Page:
Jennifer Heigerd isn’t in Kansas anymore. Four years ago the Hays, Kan., resident took a position as an art instructor at East Central College and moved to Washington. She brought an idea along with her.
Why not organize an art walk in Downtown Washington? The four walks held annually in Hays had been enormously popular, the rural community’s streets full of people. The downtown area of Washington would serve as a perfect venue, Jennifer thought.
There was only one downside to her brainchild, an idea Jennifer humbly doesn’t like to claim as her own. Being new to town, she didn’t know many people, so she enlisted the help of a group of local artists. They collaborated and two years ago kicked off the first Washington Art Walk, a spring and fall stroll through downtown shops to view and purchase paintings, sculptures, photography, ceramics and other pieces created by local artists who meet to plan the show.
This weekend the event will once again be held, on Friday, April 11, from 5 to 8 p.m. and Saturday, April 12, from 10 a.m. to 3 p.m. If attendees work up an appetite, restaurants will be open as well.
To begin the walk, Jennifer suggests people start at the Gary R. Lucy Gallery. It’s a good central location, and art walkers can pick up a flier there listing the various artists and the mediums they will feature. From the gallery, people can progress down Main Street or walk south on Elm Street to visit the shops where artists will be showing their work, Jennifer added.
Two of the places, The Missouri Photojournalism Hall of Fame and 7 W. Main, next to Joe’s Bakery and Deli, will feature the work of East Central College students, mostly second-year students vying for a good grade in what could be termed a “senior project.”
Participating in the Art Walk involves much more for these students than just showing their work. There’s a great deal of planning involved. The student-artists were assigned to come up with a theme for both of the locations, a fairly broad one, Jennifer said, that would allow a number of ECC students to exhibit their work within its parameters.
At the Photojournalism Hall of Fame the theme will be “Growing Up,” a theme not restricted to simply going from child to adulthood, but art that expresses how growing up as a boy is different than a girl and how varied socioeconomic levels affect maturation. Three-dimensional art will be on display at the Hall of Fame, sculptures, Jennifer explained.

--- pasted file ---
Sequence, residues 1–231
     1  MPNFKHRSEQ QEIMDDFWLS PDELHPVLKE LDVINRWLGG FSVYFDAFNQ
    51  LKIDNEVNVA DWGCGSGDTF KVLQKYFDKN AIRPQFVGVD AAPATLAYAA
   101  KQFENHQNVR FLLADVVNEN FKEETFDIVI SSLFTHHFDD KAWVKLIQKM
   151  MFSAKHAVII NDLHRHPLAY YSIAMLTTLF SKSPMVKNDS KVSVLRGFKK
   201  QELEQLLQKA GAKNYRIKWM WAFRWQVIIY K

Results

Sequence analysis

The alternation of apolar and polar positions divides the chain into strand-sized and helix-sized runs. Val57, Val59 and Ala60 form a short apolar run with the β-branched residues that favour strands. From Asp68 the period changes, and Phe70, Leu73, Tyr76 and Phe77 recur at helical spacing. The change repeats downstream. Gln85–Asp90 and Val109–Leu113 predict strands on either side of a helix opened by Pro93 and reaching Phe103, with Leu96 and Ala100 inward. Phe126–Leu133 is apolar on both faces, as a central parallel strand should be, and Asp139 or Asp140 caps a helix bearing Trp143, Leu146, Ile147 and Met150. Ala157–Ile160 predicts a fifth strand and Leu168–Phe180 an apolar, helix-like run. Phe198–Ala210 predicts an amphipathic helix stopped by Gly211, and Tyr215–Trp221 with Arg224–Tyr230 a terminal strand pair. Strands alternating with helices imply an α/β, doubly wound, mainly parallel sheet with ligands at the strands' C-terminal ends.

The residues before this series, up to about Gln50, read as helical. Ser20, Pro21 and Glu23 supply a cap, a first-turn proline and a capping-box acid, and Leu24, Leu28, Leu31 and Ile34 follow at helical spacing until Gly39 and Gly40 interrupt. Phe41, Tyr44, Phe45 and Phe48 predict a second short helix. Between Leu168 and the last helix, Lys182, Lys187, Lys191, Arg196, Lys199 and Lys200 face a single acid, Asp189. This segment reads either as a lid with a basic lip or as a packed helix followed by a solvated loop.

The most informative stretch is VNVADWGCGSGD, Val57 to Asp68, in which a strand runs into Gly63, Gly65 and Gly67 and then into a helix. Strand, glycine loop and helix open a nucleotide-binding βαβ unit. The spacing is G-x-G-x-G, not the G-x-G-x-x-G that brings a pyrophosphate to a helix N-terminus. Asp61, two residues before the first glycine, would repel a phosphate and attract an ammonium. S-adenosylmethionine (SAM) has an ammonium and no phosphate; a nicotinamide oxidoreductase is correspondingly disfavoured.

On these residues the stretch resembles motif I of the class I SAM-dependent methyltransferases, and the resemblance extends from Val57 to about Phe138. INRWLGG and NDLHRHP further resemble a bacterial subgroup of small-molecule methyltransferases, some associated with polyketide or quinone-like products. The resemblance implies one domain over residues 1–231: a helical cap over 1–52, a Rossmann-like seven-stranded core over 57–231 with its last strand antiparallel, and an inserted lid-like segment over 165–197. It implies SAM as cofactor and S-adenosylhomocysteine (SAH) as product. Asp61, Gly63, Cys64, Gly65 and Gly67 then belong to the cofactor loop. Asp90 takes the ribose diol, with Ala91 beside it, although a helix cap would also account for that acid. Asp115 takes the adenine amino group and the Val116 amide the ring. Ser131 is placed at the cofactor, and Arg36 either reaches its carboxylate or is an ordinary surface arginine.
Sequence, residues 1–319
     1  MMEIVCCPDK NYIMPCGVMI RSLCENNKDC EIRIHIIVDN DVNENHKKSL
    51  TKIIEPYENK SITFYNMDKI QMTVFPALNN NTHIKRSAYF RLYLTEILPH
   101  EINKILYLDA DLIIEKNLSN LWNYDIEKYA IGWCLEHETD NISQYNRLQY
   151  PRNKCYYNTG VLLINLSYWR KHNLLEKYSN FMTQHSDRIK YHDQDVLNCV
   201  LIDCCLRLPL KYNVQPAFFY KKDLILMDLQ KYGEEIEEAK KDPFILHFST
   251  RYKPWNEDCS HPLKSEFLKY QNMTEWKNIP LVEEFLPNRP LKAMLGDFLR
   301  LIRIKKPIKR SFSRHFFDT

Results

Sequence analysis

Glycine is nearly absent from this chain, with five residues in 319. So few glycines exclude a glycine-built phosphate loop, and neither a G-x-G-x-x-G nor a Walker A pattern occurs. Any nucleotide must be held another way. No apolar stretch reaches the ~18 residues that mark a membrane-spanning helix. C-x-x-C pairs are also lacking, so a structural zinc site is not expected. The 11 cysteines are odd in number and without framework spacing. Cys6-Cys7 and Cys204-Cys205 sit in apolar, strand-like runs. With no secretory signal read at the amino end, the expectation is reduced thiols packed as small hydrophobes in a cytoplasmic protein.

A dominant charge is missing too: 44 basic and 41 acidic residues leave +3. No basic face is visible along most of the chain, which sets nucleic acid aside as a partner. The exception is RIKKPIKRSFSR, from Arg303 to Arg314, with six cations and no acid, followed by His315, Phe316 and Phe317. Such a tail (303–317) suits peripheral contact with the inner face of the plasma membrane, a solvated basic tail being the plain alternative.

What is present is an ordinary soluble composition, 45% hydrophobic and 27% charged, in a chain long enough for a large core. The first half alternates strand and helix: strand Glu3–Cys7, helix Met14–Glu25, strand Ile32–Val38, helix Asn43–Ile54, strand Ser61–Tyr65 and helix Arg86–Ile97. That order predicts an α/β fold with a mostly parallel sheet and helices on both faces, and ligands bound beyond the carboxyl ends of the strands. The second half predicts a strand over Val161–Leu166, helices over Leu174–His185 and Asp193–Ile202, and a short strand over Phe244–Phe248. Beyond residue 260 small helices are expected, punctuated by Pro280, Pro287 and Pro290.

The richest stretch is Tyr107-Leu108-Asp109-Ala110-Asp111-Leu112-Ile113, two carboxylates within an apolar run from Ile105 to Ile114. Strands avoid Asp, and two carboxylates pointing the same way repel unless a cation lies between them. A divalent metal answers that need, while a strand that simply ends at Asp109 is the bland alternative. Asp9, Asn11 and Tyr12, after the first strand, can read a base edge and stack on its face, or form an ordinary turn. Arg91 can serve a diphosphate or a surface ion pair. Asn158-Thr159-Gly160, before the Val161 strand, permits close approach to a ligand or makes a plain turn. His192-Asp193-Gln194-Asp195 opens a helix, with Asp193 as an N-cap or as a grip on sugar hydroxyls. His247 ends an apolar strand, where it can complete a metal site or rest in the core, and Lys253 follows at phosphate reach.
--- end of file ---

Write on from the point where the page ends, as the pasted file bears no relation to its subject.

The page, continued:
At 7 W. Main, the students’ theme will be “The Art of Emotion,” the power that art has to create feelings, Jennifer said. There, attendees can view two-dimensional work, paintings, drawings and photography. Student artwork will be available for purchase but that’s not the main purpose of having the students participate.
The event offers them invaluable experience in choosing pieces that fit within each of the themes while making sure that the art communicates the desired theme to visitors. The Art Walk also offers the students the opportunity to “hang a show,” which may prove challenging in regard to space and lighting, and to talk about their work, which will increase their confidence in meeting the public. The students are sure to learn a lot from the more seasoned artists taking part in the walk too.
The event is a win-win for all involved. There will be plenty of art on display, nice people to visit with, and shopping for merchandize in the stores. It’s a great perk for our area, another marvelous event brought to town by a newbie with an idea who’s now proud and happy to call Washington home.